Investors were reminded again today that the North Sea is no backwater for the oil industry.
A spate of activity in the past few days shows that the maturing oil region continues to be a real focal point. Indeed, it has been a week of approvals, acquisitions and new licence awards.
Perhaps the highlight was the news that Shell is spending $525 mln on increasing its stake in a cluster of established fields off Aberdeen. This, along with a number of new licence awards, signal’s a rejuvenated interest in the North Sea.
The initial results of the UK’s 27th licensing round were revealed today by the Department for Energy and Climate Change (DECC).
A total of 167 licences were awarded in the record breaking bidding round which proved to be the most competitive to date.
“This demonstrates the continuing attractiveness both of the United Kingdom Continental Shelf as an oil and gas producing province,” said John Hayes, minister for energy.
“Oil is a global business and the companies are deciding where to allocate their capital in a very competitive environment. The UK remains a favoured destination, with the industry clearly seeing lots of potential and new opportunities.”
Meanwhile Mike Tholen, economics and commercial director at industry body Oil & Gas UK, said the success of the licensing round reflects the vast opportunity that remains for business in the North Sea.
“The record number of applications for licences in this 27th Round shows that investor confidence is returning following 18 months of constructive engagement with the Treasury and the announcement of several measures aimed at boosting activity,” he said.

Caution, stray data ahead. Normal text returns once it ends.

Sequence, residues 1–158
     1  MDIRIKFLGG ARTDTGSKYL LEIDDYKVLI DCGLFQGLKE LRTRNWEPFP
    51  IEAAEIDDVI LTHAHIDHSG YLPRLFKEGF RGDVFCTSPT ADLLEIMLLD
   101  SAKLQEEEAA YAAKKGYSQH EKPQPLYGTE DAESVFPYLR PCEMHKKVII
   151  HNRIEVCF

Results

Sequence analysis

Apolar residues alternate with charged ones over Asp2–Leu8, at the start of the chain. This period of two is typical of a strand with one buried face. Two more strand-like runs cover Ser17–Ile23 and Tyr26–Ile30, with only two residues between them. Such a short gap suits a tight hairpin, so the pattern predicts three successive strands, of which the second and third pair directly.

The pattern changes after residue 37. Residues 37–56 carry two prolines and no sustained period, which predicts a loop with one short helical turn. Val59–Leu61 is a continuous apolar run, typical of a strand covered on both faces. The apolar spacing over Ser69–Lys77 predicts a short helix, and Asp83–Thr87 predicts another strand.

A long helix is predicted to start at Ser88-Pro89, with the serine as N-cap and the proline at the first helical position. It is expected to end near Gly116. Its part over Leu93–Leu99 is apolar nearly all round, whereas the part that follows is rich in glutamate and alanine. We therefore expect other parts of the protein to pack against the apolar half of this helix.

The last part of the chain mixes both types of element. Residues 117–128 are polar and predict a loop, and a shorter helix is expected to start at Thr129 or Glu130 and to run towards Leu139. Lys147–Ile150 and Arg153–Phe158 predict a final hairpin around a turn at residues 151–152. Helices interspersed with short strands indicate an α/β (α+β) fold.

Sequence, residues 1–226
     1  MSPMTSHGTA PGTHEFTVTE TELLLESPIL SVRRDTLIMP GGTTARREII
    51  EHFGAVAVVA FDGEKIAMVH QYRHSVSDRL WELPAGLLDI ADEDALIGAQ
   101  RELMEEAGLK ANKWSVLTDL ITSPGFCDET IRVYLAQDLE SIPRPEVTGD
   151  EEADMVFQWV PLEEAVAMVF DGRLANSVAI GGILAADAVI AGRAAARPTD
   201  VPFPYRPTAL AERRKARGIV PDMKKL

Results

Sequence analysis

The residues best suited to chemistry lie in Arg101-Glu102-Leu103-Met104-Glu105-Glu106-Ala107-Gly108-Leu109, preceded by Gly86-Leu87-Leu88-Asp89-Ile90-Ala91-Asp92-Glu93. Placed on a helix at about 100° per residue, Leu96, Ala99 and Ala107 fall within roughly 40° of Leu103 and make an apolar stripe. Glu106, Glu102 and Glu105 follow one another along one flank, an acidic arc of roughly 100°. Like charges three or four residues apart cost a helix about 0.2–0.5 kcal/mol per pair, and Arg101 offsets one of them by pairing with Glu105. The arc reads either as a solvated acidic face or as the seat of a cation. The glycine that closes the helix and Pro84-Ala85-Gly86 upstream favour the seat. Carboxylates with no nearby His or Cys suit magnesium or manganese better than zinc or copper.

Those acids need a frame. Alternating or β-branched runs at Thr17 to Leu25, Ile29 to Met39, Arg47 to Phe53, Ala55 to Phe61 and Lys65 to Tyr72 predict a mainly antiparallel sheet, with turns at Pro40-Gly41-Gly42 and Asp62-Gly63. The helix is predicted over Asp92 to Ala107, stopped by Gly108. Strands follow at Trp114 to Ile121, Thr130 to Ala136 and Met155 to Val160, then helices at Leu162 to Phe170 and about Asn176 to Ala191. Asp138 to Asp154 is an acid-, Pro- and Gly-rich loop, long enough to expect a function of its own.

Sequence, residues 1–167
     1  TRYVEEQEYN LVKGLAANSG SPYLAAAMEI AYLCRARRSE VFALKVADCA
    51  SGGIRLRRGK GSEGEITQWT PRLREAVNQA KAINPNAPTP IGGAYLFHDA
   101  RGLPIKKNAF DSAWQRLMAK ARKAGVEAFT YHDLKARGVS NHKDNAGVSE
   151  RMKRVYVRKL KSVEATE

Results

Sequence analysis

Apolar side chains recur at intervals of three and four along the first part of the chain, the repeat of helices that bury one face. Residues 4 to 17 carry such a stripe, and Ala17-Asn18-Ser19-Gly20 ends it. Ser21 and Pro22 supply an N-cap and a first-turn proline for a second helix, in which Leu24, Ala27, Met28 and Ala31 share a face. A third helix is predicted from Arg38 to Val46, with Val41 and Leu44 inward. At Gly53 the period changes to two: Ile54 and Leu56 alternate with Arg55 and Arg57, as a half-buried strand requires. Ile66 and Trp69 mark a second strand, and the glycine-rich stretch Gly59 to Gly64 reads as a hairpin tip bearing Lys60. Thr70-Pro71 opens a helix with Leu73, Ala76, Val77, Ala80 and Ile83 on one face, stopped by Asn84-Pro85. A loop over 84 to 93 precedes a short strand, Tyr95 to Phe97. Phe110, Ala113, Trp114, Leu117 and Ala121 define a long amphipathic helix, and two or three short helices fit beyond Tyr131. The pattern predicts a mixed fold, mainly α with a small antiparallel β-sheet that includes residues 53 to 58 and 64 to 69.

Two of the majors receiving new acreage had already signalled their commitment to their respective futures in the North Sea.
Prior to Shell’s $525 mln Hess deal, Talisman yesterday received the DECC’s seal of approval for a £1.6 billion regeneration programme, in which it will improve and extend production from a number of maturing fields. It is predicted to allow an extra 100 million barrels of oil to be produced.
Such developments are being, in part, credited to the government’s recently introduced tax breaks for new projects to extend the life of ageing fields like these.
“There is no doubt that new tax regime has meant they’ve been able to go ahead with the projects, it is definitely a significant incentive,” said Malcolm Graham-Wood, oil advisor at VSA Capital.
“A number of [companies] will be doing things which they might not have done before. Those with North Sea acreage and development projects are clearly going to be see a positive effect.”
Aside from Shell and Talisman, new licences also went to other major international companies like BG (LON:BG.) and Centrica (LON:CNA), as well as other larger North Sea players like EnQuest (LON:ENQ), Premier Oil (LON:ENQ) and Cairn (LON:CNE).
Meanwhile AIM quoted, North Sea focussed companies also expanded their businesses by securing new acreage.
Acknowledging the licence award this afternoon, Xcite Energy told investors that its new acreage is part of a new growth strategy which build upon the development of the Bentley heavy oil field.
"The offer of these Blocks is a welcome expansion of the Xcite portfolio,” chief executive Rupert Cole said in a statement.
"Whilst we remain focused on the development of the Bentley field, these additions clearly demonstrate our intent to grow Xcite into a significant North Sea player."
This expansion comes as the development of the Bentley oilfield moves to a crucial stage. The company recently completed the Phase 1A programme and it is now preparing to embark upon the next phase which will kick-start commercial oil production.